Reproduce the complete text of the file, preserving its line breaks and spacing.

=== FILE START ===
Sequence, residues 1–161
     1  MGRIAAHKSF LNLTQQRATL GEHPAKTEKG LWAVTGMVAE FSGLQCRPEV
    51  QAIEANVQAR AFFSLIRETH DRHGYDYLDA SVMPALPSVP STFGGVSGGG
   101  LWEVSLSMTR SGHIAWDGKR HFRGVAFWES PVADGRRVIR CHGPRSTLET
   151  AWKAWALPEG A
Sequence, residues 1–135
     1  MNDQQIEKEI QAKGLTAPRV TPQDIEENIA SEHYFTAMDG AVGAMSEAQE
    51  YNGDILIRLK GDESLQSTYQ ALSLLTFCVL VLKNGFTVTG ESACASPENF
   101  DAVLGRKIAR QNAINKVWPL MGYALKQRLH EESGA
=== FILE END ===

Sequence, residues 1–161
     1  MGRIAAHKSF LNLTQQRATL GEHPAKTEKG LWAVTGMVAE FSGLQCRPEV
    51  QAIEANVQAR AFFSLIRETH DRHGYDYLDA SVMPALPSVP STFGGVSGGG
   101  LWEVSLSMTR SGHIAWDGKR HFRGVAFWES PVADGRRVIR CHGPRSTLET
   151  AWKAWALPEG A
Sequence, residues 1–135
     1  MNDQQIEKEI QAKGLTAPRV TPQDIEENIA SEHYFTAMDG AVGAMSEAQE
    51  YNGDILIRLK GDESLQSTYQ ALSLLTFCVL VLKNGFTVTG ESACASPENF
   101  DAVLGRKIAR QNAINKVWPL MGYALKQRLH EESGA